And if you look at your life and see a shortage of these things, and find yourself thinking of that other kind of glory, don’t beat yourself up. Jesus already took your beating for you. No, come get what you need. Come get some glorying. Come to where the glory of God is for you. Come to this rented, non-descript building, or to a beautiful church with stained-glass windows and a pipe organ, or to a hospital room with a small group gathered around a small cup and plate. For in those places - in all those places - where His Word is proclaimed and His gifts are given, there is God for you in all His glory. To glory you.

And then on the Last Day, when Jesus comes again, you will be among those who, as we will say in the Creed today, have done good and will enter into eternal life. Not because your good things have earned you that - but because your God has glorified you with His glory, and the good that you lived is because of the good you received. From Him. From the glory of the cross in your life. 

And then, on that Day, you will get your invitation - not to the White House! That will be long gone. But to a better and greater house. The house of your God and Saviour, and to a feast that will never end. 

And the song we sang today will be your song then, too. For it will still be quite true. For the truth is eternal. And so the song we sing today is the song we will sing forever.

Blessed be the Holy Trinity and the undivided Unity.
Let us give glory to him because he has shown his mercy to us.

In the Name of the Father, and of the (+) Son, and of the Holy Spirit. Amen.

Tuesday, May 22, 2018

Feast of Pentecost

No sermon to post this week as I was away at my son's college graduation. I'll post a link to some pictures and video soon.

Monday, May 14, 2018

Easter 7 Sermon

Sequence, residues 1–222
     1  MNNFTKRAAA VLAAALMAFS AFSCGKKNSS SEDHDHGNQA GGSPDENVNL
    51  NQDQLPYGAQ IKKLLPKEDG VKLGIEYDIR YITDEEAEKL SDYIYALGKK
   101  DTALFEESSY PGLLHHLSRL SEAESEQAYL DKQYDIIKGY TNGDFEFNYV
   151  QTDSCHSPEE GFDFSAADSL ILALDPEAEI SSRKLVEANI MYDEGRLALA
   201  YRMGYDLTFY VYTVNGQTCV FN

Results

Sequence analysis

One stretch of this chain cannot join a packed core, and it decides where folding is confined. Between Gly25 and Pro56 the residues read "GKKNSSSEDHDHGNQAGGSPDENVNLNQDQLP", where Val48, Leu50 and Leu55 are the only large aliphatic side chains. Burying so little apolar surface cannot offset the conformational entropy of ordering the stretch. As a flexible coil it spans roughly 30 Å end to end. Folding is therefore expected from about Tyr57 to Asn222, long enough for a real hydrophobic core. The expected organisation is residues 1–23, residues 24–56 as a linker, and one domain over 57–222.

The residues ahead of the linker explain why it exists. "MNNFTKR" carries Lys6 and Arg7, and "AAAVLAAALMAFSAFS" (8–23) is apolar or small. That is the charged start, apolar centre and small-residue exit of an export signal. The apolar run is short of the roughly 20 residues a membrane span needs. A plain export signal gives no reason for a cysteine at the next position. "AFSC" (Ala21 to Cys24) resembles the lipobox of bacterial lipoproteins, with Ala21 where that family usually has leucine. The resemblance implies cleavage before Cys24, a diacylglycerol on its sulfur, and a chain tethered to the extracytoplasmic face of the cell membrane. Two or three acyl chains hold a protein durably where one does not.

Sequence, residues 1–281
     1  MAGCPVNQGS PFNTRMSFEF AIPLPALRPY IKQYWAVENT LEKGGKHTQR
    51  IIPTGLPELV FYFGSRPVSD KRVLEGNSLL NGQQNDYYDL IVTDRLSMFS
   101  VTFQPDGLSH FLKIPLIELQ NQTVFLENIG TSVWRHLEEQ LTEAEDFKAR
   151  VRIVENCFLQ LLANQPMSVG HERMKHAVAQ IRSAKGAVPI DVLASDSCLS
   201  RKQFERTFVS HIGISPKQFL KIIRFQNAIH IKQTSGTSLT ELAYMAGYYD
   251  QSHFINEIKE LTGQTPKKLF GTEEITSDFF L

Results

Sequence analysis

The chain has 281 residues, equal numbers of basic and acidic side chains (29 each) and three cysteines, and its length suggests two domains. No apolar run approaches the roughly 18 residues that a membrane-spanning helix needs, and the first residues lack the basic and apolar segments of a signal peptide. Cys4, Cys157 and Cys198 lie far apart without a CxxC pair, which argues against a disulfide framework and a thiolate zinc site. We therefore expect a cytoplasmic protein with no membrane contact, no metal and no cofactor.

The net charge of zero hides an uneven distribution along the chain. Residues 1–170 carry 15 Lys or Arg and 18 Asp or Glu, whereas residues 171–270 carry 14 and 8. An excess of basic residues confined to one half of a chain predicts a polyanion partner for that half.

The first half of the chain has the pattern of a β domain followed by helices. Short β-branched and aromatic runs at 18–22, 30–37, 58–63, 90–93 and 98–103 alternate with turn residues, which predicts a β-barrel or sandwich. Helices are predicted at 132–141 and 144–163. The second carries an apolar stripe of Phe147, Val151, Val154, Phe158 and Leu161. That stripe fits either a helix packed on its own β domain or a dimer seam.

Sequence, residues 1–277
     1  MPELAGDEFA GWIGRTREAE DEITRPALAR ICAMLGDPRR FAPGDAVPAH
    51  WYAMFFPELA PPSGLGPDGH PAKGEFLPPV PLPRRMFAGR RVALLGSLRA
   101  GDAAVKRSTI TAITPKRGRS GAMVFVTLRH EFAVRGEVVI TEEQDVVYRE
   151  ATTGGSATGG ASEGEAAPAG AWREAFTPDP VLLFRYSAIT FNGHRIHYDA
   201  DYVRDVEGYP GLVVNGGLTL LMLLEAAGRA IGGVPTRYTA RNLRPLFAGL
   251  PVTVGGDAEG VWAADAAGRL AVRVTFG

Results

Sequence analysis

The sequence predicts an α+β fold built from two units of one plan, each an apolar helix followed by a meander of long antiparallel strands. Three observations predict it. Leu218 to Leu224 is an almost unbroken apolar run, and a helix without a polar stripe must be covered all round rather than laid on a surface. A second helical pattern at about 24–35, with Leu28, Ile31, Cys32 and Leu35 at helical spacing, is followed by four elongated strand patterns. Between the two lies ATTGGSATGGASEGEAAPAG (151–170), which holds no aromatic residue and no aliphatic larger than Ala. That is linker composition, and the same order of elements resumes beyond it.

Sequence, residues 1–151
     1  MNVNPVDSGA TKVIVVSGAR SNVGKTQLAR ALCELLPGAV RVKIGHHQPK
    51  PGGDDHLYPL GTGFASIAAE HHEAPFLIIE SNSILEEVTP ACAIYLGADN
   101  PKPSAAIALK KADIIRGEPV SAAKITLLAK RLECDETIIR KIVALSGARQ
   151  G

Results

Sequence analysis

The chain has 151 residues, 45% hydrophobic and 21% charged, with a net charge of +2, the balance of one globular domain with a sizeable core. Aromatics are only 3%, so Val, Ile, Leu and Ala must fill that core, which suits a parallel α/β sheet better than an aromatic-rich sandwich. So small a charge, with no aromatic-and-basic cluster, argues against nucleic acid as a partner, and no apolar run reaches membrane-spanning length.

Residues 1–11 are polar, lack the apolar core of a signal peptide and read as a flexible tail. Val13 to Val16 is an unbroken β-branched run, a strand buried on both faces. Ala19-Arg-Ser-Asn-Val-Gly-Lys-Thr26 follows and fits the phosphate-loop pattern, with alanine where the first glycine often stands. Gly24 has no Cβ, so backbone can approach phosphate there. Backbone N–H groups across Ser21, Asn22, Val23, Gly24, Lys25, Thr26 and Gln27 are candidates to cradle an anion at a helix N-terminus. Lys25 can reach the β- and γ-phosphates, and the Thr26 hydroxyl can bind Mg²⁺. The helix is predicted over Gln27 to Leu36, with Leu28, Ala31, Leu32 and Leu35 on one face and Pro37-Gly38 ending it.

Jesu Juva

“The Power of the Word”
Text: John 17:11b-19

Alleluia! Christ is ascended! [He is asended indeed! Alleluia!] Alleluia.

Grace, mercy, and peace to you from God our Father, and from our Lord and Saviour Jesus Christ. Amen.

In the Holy Gospel we heard today, we hear Jesus speaking from His heart. He is mere hours from be lifted up on the cross, to lay down His life for His friends, for His enemies, for you and me, for all people. And He knows it. And so He does what is most important to Him, the best thing He could do for His friends, for His enemies, for His disciples, for you and me - He prays for us. Because He knows we’ll need it. He knows how difficult it is going to be for them, for us. And what do you do when you’re concerned for someone? You pray for them.

And in His prayer, the part that we heard today, from John, Jesus said this: I have given them your word. We use that phrase today. You have my word. I give you my word. That means not only that you have words, but that you have my promise. I will do what I have said. The problem with us is that sometimes we keep our word and sometimes we don’t. The good news for us is that God always keeps His word. His word is different. His word is sure. What He says He will not only do - His word will do it. His Word is powerful. In the beginning He said “Let there be,” and what He spoke came to be; it happened, it was. He says “I forgive you” and you are. He says “This is My Body” and it is. God’s word isn’t just a word - it is a powerful word that does what it says.

So to be given this Word . . . that’s no small thing. Before now, I have kept them, Jesus says. But now He is going to the Father by way of the cross, the empty tomb, and His ascension. He will no longer be with them in the same way as before, and it is a treacherous world. So, Jesus gives us God’s Word, God’s powerful Word and promise, to do three things, we heard today - three things that we need: (1.) to keep us from the evil one, (2.) to sanctify us, and (3.) to make us one. 

So first, Jesus gives us the Word to keep us from the evil one

His Word first did that for most of us when that Word was combined with the water of Holy Baptism. Whenever we baptize someone we say: Depart unclean spirit and make way for the Holy Spirit. And the Holy Spirit comes and makes you His own. You become a child of your heavenly Father, and the evil one is forced to flee.